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Play-Based Education Used to Teach Conservation

September 03, 2008 02:42 PM
by Sarah Amandolare
Outdoor play-based learning takes going green to another level, making environmentalism accessible to toddlers, while giving their brains a break.

Playing to Learn

In Wales, the first class of students to engage in a play-based learning program has begun school. The BBC reports that the program, which is still in a “foundation phase,” features outdoor classes and environmental learning for 3-year-olds through 7-year-olds.

According to British Education Minister Jane Hutt, “a key feature is using the outdoors to encourage children to learn about conservation and the environment,” but a lack of funding could stand in the way of the program’s success.

Play-based learning also incorporates aspects of the “green” trend. School gardens, for example, give students playtime outdoors, and provide lessons in horticulture and environmentalism.

In Meadville, Pa., the student-led garden at Seton Catholic School is meant to teach students about conservation, and has been named a National Wildlife Habitat. The garden acts as a food source for “a host of animals,” according to The Meadville Tribune, and is a fun activity for students.

Educators and parents who worry that school gardens and new play-based programs are too expensive could learn from a school in Beijing. According to China Daily, Hepingmen Kindergarten has incorporated conservation and play-based learning into its curriculum with nothing more than “discarded plastic bottles, paper boxes, disposable tableware, old newspapers and other trash.”

Young students are encouraged to make toys and exercise equipment with the discarded materials, teaching them “good daily habits, such as no littering and no wasting food or water,” while incorporating “creative play.” The school’s director Han Pinghua tells China Daily that the program is an introduction to resource conservation and “far more effective than tedious lectures.”

Background: International play-based learning

Play-based learning has already been implemented elsewhere, including schools in Norway, according to U.K. newspaper The Herald. Scotland’s Children’s Minister Adam Ingram traveled to Norway in August to learn more about classroom techniques, such as “the greater use of nature in lessons with outdoor kindergartens, and the focus on learning through play rather than formal lessons.”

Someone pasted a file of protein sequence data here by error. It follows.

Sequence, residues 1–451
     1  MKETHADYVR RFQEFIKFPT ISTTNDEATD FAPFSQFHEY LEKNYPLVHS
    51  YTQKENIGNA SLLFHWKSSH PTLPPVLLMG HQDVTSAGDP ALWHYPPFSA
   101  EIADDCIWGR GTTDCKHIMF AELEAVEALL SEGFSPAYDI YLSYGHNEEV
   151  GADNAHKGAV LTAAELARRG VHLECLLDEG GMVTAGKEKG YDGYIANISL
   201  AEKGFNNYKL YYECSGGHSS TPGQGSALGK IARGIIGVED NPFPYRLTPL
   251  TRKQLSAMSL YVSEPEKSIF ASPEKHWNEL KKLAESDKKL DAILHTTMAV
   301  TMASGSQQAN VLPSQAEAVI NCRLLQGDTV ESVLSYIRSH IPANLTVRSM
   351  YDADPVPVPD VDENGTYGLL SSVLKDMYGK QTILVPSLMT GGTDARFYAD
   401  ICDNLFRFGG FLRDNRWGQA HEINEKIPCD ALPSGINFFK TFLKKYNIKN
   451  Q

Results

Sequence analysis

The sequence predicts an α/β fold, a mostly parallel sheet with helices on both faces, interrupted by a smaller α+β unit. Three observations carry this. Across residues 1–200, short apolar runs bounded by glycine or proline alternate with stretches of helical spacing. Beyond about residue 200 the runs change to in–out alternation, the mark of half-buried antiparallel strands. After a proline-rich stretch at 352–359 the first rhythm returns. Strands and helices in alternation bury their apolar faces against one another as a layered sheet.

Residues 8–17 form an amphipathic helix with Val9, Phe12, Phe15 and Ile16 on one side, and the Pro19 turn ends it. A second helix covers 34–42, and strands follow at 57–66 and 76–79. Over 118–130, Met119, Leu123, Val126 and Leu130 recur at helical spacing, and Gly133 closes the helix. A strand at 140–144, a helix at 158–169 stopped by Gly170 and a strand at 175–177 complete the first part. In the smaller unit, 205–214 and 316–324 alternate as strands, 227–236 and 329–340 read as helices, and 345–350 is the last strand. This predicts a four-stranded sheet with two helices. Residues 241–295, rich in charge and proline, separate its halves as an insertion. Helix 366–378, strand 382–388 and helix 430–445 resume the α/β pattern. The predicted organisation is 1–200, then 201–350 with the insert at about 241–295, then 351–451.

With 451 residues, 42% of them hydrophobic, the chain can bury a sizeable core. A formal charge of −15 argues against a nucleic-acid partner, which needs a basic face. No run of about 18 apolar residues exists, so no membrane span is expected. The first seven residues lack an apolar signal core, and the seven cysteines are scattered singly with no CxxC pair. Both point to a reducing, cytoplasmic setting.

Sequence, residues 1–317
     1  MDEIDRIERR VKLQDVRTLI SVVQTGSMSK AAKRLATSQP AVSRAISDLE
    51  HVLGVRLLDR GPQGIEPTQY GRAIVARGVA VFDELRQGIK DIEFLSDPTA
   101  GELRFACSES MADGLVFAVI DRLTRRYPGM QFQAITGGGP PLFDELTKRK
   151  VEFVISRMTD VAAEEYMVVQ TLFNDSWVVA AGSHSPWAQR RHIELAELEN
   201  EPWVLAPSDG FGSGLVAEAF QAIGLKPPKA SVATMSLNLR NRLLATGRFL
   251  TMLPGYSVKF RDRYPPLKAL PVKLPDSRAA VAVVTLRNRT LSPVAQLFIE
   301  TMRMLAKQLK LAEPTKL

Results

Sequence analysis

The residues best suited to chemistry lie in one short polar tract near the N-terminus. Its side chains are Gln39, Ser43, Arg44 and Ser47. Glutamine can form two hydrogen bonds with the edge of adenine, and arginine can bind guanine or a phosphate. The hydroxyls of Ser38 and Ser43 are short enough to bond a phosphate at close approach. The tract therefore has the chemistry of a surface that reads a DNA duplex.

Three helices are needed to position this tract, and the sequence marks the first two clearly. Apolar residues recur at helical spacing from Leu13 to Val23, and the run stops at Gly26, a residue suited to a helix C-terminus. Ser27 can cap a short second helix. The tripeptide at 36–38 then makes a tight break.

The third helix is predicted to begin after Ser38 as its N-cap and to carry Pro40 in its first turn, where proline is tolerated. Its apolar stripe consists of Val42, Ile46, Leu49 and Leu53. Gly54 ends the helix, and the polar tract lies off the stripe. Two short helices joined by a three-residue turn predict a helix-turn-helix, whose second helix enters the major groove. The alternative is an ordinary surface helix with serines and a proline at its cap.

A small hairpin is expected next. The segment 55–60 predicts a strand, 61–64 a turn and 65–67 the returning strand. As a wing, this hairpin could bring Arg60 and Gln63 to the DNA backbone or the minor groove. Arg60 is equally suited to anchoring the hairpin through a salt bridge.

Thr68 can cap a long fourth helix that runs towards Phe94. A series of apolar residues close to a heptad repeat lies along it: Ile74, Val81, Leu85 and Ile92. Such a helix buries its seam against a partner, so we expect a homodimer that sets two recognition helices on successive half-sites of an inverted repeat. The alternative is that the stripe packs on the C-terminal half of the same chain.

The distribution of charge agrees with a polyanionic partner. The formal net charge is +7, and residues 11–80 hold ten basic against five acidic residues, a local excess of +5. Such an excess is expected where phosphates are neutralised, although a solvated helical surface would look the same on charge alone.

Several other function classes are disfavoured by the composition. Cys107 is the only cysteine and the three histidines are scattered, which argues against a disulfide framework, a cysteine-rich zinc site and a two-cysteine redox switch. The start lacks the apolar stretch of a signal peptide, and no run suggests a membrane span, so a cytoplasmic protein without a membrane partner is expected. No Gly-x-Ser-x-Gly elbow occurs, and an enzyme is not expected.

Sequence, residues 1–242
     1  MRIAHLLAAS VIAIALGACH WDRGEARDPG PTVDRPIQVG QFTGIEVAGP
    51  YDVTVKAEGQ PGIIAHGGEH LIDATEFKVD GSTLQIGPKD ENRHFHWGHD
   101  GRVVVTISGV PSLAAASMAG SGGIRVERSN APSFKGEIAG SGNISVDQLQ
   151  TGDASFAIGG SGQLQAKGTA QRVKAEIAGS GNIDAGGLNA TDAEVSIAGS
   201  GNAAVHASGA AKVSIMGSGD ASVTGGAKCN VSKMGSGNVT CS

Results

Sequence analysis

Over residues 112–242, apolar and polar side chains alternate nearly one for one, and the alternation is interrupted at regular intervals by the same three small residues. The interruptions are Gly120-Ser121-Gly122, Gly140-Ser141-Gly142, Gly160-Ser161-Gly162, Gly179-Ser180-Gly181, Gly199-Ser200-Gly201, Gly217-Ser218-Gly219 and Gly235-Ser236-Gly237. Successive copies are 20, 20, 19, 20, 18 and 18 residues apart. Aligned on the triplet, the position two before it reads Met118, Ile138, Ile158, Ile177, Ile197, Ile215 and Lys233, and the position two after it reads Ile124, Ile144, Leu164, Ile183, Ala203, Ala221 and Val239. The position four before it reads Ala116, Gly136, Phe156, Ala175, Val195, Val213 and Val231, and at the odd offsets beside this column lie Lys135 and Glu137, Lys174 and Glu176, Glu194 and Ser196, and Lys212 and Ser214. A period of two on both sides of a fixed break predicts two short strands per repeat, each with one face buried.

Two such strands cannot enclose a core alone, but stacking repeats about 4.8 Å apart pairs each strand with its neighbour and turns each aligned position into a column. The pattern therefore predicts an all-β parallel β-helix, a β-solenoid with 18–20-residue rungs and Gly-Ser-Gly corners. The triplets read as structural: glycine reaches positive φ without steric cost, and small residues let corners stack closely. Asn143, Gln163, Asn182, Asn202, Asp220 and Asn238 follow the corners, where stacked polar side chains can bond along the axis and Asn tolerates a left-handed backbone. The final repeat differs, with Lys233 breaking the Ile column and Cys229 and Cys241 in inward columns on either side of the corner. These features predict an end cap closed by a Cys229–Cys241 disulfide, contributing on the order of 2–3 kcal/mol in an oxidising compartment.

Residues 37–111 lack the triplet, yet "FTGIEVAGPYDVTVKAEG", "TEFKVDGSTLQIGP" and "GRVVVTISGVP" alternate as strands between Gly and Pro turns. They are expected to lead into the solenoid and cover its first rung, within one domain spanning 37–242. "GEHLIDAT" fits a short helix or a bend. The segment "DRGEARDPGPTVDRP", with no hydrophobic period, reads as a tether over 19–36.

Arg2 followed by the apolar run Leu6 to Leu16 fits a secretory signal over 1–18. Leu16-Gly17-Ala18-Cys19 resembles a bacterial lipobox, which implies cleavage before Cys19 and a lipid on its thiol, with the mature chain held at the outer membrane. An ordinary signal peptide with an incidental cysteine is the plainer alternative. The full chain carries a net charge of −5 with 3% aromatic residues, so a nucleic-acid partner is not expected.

Furthermore, in 2007, Australia’s federal opposition leader Kevin Rudd discussed his plan to provide a weekly play-based learning program for 4-year-olds. Labor party families spokeswoman Jenny Macklin told the Australian Broadcasting Corporation that play-based learning would be crucial to repairing Australia’s education system, and would aid working parents in need of preschool programs for younger children.

Related Topics: Extended kindergarten; mandatory recess

In British Columbia, education officials are considering offering extended kindergarten classes for children as young as 3 years old. According to an article in the Globe and Mail, and published on the Canadian site Childcare Resource and Research Unit, the program “would be play-based rather than a rigid curriculum.”

Meanwhile, in the United States, lawmakers and schools are still struggling to figure out how to incorporate recess and free time into school curriculums, both to combat obesity and improve productivity.

States such as Washington and Illinois have introduced legislation that would make free time mandatory during the school day, based on studies showing the benefits of classroom breaks on student concentration and performance.

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